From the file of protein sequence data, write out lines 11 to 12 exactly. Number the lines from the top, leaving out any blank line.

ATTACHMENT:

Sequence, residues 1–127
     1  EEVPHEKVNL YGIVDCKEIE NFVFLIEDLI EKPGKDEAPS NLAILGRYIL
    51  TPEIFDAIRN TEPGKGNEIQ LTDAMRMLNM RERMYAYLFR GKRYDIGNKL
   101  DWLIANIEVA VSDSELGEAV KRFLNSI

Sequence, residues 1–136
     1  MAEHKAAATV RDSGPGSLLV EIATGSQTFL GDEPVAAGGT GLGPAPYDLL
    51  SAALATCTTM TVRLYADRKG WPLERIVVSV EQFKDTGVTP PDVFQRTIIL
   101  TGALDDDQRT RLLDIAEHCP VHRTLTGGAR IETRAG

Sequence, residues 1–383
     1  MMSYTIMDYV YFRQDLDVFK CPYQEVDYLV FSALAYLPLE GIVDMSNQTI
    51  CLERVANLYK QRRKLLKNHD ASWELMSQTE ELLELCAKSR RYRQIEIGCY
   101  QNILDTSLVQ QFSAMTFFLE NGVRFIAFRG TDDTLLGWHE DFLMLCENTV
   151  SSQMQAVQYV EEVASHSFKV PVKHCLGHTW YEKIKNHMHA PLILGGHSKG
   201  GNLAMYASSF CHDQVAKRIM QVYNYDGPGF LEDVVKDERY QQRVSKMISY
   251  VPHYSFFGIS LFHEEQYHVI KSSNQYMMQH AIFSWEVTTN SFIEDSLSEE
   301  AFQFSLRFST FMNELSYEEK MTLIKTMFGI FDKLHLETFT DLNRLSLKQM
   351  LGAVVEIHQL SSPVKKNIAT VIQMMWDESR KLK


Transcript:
    51  CLERVANLYK QRRKLLKNHD ASWELMSQTE ELLELCAKSR RYRQIEIGCY
   101  QNILDTSLVQ QFSAMTFFLE NGVRFIAFRG TDDTLLGWHE DFLMLCENTV